Preparation and mixing of the sand will come from a batch or high-speed continuous mixer: A batch mixer can be an open, S-blade mixer, vibratory, or a side-mounted Stator type. Similarly, like mulling green sand, you will need a predetermined amount of time to optimize mixing sand and binders, to achieve a homogenous mixture. Many foundries also use a continuous mixer for coremaking, which provides good sand mixing, on-demand or batched, as required.

For hot-box, warm-box, inorganic or shell cores, curing is a function of a heat-delivery system, the core box geometry, and the time required to properly react and cure the core for removal and handling. These curing methods typically are more time-consuming than traditional cold-box system.  

A cold-box core is cured via gas generators that are designed specifically to deliver gas at a controlled pressure and temperature, typically followed by clean-air purge. A gas or amine that is introduced to start a chemical reaction allows the mix binder atop the coated sand to harden or cure. Several types of catalyst are available, including TEA, DMEA, DMIPA, SO2, CO2, or methyl formate.

Typically, the supply of curing air is provided by 3- to 40-Kw heaters. Using these heaters to purge warm air in the tooling before starting up is an excellent feature that improves start-up for coremaking. Depending on the actual amine being used to cure, temperatures may range from 100° to 250°F. Consult a binder supplier to learn the flash point and critical temperatures of your particular catalysts. Remember, just because you set a controller to 240°F, doesn’t mean that the internal heating elements are 1,000°F! Off-the-shelf heaters are designed for continuous, not intermittent air flow, so be careful.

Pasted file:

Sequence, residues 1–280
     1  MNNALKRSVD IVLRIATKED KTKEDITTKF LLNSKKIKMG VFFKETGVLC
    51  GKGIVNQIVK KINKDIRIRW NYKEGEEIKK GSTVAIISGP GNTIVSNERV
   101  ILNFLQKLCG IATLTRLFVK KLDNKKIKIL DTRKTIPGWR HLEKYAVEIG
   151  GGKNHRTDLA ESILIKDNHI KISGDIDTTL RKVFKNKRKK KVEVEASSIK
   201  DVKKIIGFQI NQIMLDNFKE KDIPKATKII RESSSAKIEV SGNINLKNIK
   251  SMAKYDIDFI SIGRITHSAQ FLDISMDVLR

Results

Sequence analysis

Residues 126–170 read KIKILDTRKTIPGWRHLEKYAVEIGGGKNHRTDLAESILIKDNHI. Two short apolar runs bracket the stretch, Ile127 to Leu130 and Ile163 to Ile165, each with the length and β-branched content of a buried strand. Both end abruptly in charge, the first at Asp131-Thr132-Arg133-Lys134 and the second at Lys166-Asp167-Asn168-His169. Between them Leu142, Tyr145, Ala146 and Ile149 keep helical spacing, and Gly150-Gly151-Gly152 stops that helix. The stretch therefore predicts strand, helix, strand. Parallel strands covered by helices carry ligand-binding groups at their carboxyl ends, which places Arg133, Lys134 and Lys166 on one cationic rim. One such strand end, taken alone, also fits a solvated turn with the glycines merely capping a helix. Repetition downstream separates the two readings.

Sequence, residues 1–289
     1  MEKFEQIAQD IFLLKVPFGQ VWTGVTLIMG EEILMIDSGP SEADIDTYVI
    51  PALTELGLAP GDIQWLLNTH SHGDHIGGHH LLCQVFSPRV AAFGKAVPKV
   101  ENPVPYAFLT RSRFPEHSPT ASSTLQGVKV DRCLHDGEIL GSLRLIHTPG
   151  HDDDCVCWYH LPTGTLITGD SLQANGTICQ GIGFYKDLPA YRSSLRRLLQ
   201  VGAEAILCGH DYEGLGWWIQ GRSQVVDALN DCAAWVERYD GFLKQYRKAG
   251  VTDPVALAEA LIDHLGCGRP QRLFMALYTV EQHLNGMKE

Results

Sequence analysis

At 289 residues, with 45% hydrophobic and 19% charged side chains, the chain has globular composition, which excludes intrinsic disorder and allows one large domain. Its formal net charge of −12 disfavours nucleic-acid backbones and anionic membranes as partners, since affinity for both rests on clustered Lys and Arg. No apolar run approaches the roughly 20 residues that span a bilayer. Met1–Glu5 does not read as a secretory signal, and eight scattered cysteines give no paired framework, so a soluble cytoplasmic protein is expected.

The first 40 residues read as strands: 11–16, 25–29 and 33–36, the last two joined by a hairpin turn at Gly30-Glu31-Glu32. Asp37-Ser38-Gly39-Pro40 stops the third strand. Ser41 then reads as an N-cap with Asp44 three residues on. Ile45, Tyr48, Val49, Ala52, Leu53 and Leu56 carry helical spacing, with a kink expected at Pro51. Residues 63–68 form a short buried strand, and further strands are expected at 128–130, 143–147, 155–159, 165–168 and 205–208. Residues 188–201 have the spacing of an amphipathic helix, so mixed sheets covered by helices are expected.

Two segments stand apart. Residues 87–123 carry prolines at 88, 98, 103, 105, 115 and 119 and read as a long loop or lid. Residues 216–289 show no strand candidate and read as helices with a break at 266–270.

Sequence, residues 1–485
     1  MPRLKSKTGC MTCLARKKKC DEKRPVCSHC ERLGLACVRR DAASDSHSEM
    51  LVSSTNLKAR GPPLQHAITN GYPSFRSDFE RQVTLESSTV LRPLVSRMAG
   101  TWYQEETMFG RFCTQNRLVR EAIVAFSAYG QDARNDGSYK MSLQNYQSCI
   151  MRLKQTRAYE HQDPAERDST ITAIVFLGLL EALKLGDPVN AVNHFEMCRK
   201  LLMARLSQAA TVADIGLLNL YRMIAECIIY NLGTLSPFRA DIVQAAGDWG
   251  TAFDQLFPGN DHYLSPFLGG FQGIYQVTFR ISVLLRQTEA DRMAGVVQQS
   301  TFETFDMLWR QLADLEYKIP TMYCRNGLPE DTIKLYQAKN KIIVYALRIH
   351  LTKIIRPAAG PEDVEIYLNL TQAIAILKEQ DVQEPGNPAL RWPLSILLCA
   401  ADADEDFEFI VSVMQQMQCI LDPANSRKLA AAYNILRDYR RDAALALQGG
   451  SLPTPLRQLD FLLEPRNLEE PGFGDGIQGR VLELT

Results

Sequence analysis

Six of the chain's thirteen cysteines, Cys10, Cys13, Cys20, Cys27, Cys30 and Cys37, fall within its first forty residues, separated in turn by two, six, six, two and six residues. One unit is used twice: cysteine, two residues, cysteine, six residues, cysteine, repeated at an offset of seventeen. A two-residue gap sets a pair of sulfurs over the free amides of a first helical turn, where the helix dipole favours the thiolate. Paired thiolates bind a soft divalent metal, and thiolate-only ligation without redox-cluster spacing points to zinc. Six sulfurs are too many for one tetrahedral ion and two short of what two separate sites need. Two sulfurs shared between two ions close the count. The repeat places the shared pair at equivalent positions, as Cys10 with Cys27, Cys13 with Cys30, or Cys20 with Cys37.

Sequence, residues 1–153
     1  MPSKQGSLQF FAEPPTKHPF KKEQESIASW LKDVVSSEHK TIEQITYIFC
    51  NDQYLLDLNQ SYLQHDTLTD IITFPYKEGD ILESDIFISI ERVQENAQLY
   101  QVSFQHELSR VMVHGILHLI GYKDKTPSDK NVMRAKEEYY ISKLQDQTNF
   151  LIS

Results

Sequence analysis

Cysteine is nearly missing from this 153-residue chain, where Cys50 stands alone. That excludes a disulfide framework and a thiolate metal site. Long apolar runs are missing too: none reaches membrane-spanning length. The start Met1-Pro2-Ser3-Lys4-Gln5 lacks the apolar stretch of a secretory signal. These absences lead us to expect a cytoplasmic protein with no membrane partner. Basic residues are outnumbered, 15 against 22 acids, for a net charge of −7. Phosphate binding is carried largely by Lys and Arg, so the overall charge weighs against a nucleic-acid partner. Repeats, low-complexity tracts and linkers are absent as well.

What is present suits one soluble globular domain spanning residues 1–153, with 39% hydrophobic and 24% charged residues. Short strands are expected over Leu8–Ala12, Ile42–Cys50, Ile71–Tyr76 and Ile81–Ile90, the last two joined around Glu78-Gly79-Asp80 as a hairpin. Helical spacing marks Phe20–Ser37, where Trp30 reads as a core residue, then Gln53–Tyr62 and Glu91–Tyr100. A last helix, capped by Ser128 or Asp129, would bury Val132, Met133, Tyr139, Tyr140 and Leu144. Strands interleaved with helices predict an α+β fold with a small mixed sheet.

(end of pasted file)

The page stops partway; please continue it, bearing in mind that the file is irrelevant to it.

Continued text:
An efficient gas generator, coupled with the most effective catalyst will help to reduce the amount of catalyst consumed. This will pay off downstream because less gas means fewer emissions, reducing scrubbing and acid costs.

Typically, for the cold-box process the above-mentioned catalyst gases will have to be captured upon exit from the process, and scrubbed. A common scrubber provides a certain CFM pull on the core box directly, or on the enclosure.

This acid-type scrubber "bubbles" the retrieved air with gas through a water/acid solution. These typically are rated for 99%, 99.9% or 99.99% efficiency. The numbers following the decimal are really important and should be discussed thoroughly before making a decision. Higher precision usually means a larger sump and/or a taller scrubber tower, which influences the overall cost of the units.

These are the key components of a core cell system. Many more items go into your specific solution to complete the core room plan. Once that plan is complete, the engineering design, build, location and installation are all critical. Before you finalize your Gantt chart, you will need to consult local or state laws for proper permits, as obtaining installation permits may take over six months.

Jerry Senk is the president of Equipment Manufacturers International Inc. Contact him at LinkedIn, or visit